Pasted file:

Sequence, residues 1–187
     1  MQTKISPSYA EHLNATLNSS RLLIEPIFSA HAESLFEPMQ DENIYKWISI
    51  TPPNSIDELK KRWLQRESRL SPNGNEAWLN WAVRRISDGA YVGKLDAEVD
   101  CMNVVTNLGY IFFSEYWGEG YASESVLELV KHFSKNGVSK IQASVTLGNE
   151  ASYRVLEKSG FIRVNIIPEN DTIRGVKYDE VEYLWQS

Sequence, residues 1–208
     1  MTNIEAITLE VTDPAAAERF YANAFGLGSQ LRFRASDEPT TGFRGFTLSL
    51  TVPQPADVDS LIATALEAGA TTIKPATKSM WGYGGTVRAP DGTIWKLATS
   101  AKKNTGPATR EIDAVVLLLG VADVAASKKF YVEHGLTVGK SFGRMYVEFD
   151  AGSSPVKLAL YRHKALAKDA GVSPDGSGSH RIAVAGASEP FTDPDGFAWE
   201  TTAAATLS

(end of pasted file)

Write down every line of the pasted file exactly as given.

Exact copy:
Sequence, residues 1–187
     1  MQTKISPSYA EHLNATLNSS RLLIEPIFSA HAESLFEPMQ DENIYKWISI
    51  TPPNSIDELK KRWLQRESRL SPNGNEAWLN WAVRRISDGA YVGKLDAEVD
   101  CMNVVTNLGY IFFSEYWGEG YASESVLELV KHFSKNGVSK IQASVTLGNE
   151  ASYRVLEKSG FIRVNIIPEN DTIRGVKYDE VEYLWQS

Sequence, residues 1–208
     1  MTNIEAITLE VTDPAAAERF YANAFGLGSQ LRFRASDEPT TGFRGFTLSL
    51  TVPQPADVDS LIATALEAGA TTIKPATKSM WGYGGTVRAP DGTIWKLATS
   101  AKKNTGPATR EIDAVVLLLG VADVAASKKF YVEHGLTVGK SFGRMYVEFD
   151  AGSSPVKLAL YRHKALAKDA GVSPDGSGSH RIAVAGASEP FTDPDGFAWE
   201  TTAAATLS